Outline of the History of Campania and Naples

(Taken from Giuseppe Galasso's "Napoli: storia" and Francesco Compagna's "Campania: cenni storici")

Inhabited since Paleolithic times, ancient Greek and Etruscans settled in Campania around the 7th century B.C.From the 7th to the 5th centuries B.C. the Greeks fought the Etruscans (based in central Italy) and the Carthaginians (based in modern day Tunis) for control of the trade routes on the Tyrrhenian Sea (off the western coast of Italy).

The Greek city of Naples (Neapolis, "New City") was founded in the first half of the 5th century B.C. on the site of an older city called Parthenope (one of Sirens Ulysses encounters in Homer's Odyssey), which had been founded by Rhodesians (inhabitants of Rhode Island).The Rhodesian had established the cult of Sirens in that area, and ever since then these mythological figures have been a part of Neapolitan folklore.

As the Etruscans lost their bases in Campania, Naples and other cities in the region had to contend with the Samnites, the indigenous people of Campania who lived in the mountains.In the 5th century B.C. the Samnites invaded the coastal plains and intermarried the local Oscan population (descendants of Greeks and Etruscans).The Samnites never formed a unified state, but there were leagues which had strongholds in Capua (the most powerful Greek city in that region), Nola, and Nocera.Within each city there was an elected judge called a meddix who ruled the city for a year.There was probably a meddix tuticus, or federal judge, who in turn oversaw all the activities of the other meddix.

The Romans attack Naples.Naples decides to form an alliance with Rome in order to protect itself against the Samnites.From then on, Naples remains a faithful ally of Rome.

Rome wages the First Samnite Wars against the local population.The "campani" (the name probably derived from Capua), who had remained independent until now, fall under Roman rule.The Oscan language and culture, however, continue to flourish despite the Roman conquest: playwrights wrote farces known as "atellane" in the Oscan language, and even the Roman emperor Nero indulged in acting when he was in Naples.The fertile plains north of Naples were known as "Felix campania" (lucky countryside), hence the name given to this region.The Felix campania produced agricultural goods for trade and commerce, which, coupled with the good infrastructure, enabled this region to prosper under Roman rule. As archaeological excavations have revealed, towns like Pompei were among the most prosperous in the Roman empire. Naples even minted its own currency.

82 B.C. Naples' importance as a Roman port declines with the rise of the nearby city of Pozzuoli.Naples is still tied to its Greek heritage, as reflected in the language, culture, and traditions.The Romans view it as a city of pleasure (Roman emperors built villas on the nearby Isle of Capri), a city of philosophers and philosophical studies, praised by the emperor Marcus Aurelius, and a city famous for its sports and theater.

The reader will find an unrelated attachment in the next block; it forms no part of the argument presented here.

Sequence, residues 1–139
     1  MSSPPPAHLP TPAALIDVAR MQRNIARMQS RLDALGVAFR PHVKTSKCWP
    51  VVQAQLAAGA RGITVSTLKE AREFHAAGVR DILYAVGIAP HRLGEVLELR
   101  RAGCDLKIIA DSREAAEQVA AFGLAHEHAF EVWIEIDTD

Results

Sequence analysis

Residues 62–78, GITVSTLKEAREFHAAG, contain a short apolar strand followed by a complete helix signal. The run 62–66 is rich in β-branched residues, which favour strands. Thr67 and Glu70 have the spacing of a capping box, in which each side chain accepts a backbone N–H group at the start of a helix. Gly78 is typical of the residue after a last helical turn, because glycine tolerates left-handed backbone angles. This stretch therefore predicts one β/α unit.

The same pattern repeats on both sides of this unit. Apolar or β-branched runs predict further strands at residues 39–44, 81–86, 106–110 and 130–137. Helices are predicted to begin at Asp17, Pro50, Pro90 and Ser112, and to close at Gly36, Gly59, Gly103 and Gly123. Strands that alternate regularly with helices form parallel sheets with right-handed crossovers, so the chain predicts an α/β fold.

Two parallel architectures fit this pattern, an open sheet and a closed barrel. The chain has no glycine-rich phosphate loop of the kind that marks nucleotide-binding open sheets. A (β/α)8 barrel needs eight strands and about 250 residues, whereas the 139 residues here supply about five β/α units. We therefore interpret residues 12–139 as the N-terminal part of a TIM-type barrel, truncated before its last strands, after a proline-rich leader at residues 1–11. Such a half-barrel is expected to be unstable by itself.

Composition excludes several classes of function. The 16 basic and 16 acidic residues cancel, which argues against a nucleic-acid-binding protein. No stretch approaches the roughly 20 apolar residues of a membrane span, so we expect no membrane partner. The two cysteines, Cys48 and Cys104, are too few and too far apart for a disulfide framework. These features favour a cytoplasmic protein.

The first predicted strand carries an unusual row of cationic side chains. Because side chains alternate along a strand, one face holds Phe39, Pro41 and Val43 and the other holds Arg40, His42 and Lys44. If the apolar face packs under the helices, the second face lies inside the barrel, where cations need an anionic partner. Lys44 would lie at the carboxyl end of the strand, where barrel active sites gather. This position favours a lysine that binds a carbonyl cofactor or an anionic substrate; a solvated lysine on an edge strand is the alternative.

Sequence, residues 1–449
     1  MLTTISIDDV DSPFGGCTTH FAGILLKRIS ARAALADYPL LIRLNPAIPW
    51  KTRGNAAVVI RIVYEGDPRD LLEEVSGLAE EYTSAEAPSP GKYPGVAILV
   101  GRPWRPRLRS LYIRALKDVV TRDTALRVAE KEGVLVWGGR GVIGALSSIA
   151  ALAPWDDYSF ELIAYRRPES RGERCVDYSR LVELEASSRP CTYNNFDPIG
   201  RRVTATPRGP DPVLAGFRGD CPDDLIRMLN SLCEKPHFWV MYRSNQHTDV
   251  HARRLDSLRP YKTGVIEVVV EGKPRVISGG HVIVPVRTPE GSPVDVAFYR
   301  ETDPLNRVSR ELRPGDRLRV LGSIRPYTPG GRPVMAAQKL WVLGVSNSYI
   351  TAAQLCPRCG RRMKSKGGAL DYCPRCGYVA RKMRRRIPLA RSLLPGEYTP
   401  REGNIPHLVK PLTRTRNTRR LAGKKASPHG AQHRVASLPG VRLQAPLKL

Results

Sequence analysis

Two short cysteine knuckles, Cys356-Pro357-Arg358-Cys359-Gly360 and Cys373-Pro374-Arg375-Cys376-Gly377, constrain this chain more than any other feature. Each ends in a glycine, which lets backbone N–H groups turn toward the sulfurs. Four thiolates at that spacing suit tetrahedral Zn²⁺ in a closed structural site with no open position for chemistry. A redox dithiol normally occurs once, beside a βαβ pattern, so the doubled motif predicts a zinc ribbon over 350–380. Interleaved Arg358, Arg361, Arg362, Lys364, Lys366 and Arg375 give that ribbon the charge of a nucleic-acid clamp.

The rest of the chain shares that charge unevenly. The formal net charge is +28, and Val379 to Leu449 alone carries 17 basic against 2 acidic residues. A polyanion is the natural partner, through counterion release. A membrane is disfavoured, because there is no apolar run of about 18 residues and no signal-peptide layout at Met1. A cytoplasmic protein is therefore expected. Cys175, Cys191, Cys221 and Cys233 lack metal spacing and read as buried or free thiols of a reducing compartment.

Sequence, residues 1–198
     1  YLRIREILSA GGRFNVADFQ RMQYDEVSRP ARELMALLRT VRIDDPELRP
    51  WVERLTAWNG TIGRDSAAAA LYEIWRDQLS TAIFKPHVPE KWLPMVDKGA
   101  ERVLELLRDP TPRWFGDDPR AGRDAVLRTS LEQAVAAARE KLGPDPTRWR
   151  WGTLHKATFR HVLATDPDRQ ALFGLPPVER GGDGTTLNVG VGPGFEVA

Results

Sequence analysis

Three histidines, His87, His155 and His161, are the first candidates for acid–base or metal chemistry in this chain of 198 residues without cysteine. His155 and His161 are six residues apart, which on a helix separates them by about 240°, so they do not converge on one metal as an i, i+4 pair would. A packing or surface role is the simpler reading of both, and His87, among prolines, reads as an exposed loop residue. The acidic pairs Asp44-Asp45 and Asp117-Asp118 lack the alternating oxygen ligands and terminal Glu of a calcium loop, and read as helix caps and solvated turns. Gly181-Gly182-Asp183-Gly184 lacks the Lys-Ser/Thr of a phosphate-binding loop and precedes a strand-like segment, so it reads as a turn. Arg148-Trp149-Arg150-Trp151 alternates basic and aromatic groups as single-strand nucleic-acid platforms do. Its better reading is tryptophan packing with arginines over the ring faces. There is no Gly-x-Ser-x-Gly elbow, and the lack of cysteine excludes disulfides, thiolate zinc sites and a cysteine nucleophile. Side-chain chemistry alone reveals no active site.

1st century A.D. Christianity spread quickly to Naples and the surrounding areas because of the region's close ties to Rome.In the centuries that followed, the Church of Naples would always be faithfully bound to the Church of Rome.

As the Roman empire declined, so did the towns of Capua and Pozzuoli.Naples, however, remains fairly prosperous thanks in part to the ever-increasing presence of Jewish, Syrian and Egyptian merchants.

In the 5th century A.D. (during the fall of Rome) this region was occupied by the Goths, and later by the Byzantines (Greeks living in the Eastern Roman empire, with Costantinople, modern-day Istanbul, as its capital) in the 6th century.

570 A.D. the region is divided into two parts: one occupied by Longobards (originally from Hungary) with Benevento as its capital, and the other part (Naples and the coastline) occupied by Byzantines.In the centuries that followed, these two kingdoms are further divided into the duchies of Amalfi (839 A.D.), Gaeta, and Sorrento (9th century), under Byzantine influence, and the duchies of Benevento, Salerno, and Capua, under Longobard influence.Unlike Amalfi and Gaeta, which became important maritime republics, Naples was not an important commercial center during this period. Given its strategic importance, however, Naples became an important military base in which the military (milites) and the aristocracy (consisting of large landowners, "latifondisti") were the dominant classes.The city's wealth derived from the agriculture of the fertile plains surrounding Naples.The city, which had been ruled by a duke nominated by the Byzantine emperor, began acquiring greater independence from Constantinople as the Moslems began conquering Byzantine strongholds in Italy.

The fragmentation of this region into so many city-states competing against each other made it easy for the Normans to conquer Campania.After conquering the town of Aversa (1030), the Normans soon conquered the rest of the region adding it to their Sicilian empire.Naples, however, was the last city to be conquered by the Normans in Italy (1137).Only the duchies of Benevento and Pontecorvo remained under the control of the Church.The Normans divided Campania into four regions, which remained virtually the same until Garibaldi united them in 1860: Naples, Terra di Lavoro, Principato Citro, and Principato Ultra.The wealth of the aristocracy is based largely on the intensive agriculture in the fertile area of Terra di Lavoro (north of Naples).Most of the commerce and trade, however, is in the hands of outsiders (Pisan and Genoese merchants); as a result, the money made in Naples through trade and commerce went to Pisa and Genoa.

1197-1250 Swebian rule (under Frederick II).Like the Normans before him, Frederick II absorbed the military and aristocracy in his new feudal kingdom; as a result, Naples became less of a military base and more of residential city for the large landowners in the region.During this period, Frederick II establishes the University of Naples, the first state-run university in Europe.